In Olivia Rosane’s enchanting and evocative rites-of-passage poem, ‘Maiden’s Tears’, a young woman realises her own inner power and strength when encountering a small wildflower in an open field.
Beyond the beaver pond
where the trees thin
and my father warned me not to go alone
because the rowdies come to shoot their guns
and shed their bright shell casings,
in the dust, amongst the weeds,
you lured me
with your pale, oval bodies
swaying on thin stems.
The color of pink flesh turned green
for want of love, or blood.
And your small white petals
reaching outward from your downturned mouths
with animal intelligence
like the tentacles of sea anemones
or the rays on the snout
of a Star-nosed mole.
I wanted to look closer
but I feared that you might sniff me out
for going where I should not go
and sting me backwards
away from you.
I had to know your name.
Too delicate; too tame.
Then, I remembered,
nothing was more wild
than the first time
I began to sob
not knowing why.
Only knowing that my body
had dragged me in its growth
farther down the path
than I was prepared to go.
And, from now on,
all would be strange
and nothing comfortable.
But, in the silence after,
I found beauty
as if the tears had carved a canyon.
Deep inside me was a vastness
I had not held before.
About Olivia Rosane
Olivia Rosane is a poet, freelance writer, and PhD candidate at the University of Cambridge. Her non-fiction has appeared in EcoWatch, YES! Magazine, and Real Life Mag and her poetry has appeared in epilogue. She also attempts to make sense of the ongoing humanitarian and ecological crisis at (Un)NaturePoems.com
About Sara Rivers
Sara Rivers is an artist who works in different media. She completed her foundation diploma at Brighton School of Art and her BA in Fine Art at Canterbury School of Art. She has also studied Art Therapy at St Albans School of Art, Hertfordshire. Sara founded the Creativity Centre, a space for outsider artists and those recovering from mental ill health, at Isledon Road (formerly Corsica Street), London. She is a founder member of the Otherside Gallery, and has created three short films, all of which were funded by the NHS. Sara is passionate about improving the services available to people experiencing mental ill health, and has led many campaigns against the continued cuts to day services in the borough of Islington. Sara is the current artist for Lucy Writers, and has designed all the artwork for the website to date. To view more of Sara’s work follow her new Instagram account @pixbysararivers and see her profile on Outside In.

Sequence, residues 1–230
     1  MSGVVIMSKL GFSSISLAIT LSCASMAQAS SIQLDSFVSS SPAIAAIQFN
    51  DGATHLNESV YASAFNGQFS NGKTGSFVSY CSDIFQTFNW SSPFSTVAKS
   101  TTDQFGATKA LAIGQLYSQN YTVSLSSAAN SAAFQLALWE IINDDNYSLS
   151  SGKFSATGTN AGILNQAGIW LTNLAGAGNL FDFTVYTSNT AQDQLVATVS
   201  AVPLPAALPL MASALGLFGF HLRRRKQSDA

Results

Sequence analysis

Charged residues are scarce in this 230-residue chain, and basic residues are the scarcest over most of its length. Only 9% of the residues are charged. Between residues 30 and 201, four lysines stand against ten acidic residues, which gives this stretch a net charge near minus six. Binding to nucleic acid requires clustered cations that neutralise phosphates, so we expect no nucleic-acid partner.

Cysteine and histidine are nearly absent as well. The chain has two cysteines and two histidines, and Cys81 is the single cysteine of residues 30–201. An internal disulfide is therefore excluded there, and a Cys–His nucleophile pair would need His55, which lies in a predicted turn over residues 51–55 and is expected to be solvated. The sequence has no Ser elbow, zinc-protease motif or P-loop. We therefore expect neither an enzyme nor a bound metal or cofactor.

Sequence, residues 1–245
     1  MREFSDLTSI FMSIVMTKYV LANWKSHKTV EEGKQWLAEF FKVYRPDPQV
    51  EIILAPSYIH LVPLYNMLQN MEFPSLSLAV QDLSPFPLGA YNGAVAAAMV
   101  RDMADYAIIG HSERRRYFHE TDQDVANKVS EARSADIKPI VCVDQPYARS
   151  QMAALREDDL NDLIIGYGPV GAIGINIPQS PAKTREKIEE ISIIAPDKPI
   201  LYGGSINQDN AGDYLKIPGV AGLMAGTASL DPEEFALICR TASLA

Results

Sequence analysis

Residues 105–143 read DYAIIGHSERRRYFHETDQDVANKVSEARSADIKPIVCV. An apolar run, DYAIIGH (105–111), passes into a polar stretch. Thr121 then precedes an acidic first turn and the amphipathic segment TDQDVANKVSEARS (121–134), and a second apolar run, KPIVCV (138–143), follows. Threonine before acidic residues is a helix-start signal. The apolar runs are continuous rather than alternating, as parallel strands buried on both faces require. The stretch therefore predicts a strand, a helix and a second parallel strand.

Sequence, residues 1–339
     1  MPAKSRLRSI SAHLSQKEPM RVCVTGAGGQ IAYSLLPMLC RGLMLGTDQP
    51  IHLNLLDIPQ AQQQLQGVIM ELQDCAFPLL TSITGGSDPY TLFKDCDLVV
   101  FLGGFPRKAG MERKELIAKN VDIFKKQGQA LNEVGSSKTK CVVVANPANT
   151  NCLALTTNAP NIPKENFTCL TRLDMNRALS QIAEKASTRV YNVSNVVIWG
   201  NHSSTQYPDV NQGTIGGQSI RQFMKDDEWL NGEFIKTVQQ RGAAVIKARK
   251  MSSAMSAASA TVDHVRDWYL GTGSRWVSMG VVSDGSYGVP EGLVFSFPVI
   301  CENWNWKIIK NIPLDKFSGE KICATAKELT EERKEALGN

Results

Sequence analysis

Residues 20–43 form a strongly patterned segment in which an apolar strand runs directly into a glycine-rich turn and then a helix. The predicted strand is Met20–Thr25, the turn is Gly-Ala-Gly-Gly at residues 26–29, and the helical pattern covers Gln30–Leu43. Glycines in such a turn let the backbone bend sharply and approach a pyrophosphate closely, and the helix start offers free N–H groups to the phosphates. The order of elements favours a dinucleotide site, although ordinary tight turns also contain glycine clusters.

‘Maiden’s Tears’ was written for the series Flora & Fauna of Foreign Places, which was conceived and edited by Usha Akella for Lucy Writers.
Flora and fauna define our cultural sensibility; what trees and flowers we grew up with signifies ‘home.’ Transplant an individual to a foreign environment with strange trees and flowers, he or she is likely to feel ‘foreign’. Flowers are culturally specific in symbolism expressed in social events like weddings and funerals.
As a recent graduate of a Creative Writing MSt living in America, Usha noticed that in addition to the gift of knowledge and friendships, her journeys to the UK sparked an interest in flora. For the first time, she noticed a passion to want to know the names of flowers and trees. Somewhere along the way between the limes of Trinity College and the walnut maple of Madingley Hall; between the splendid gardens of Rydal Mount and rolling vales of Cumbria, she had been infected with a green-eye. When she walks in her Austin neighbourhood, she is now incited to know the names of the wildflowers and trees that she took for granted visually. And she notices, how this new world seeps into her writing gradually.
Right now, the early bloom of summer is upon most countries. So, it seems perfect to celebrate flowers, plants and trees as a theme for the poetry issue. In the next few weeks, Usha will be publishing poems by writers from around the world that explore, reflect on and appreciate the flora and fauna of foreign places, and what they mean to them.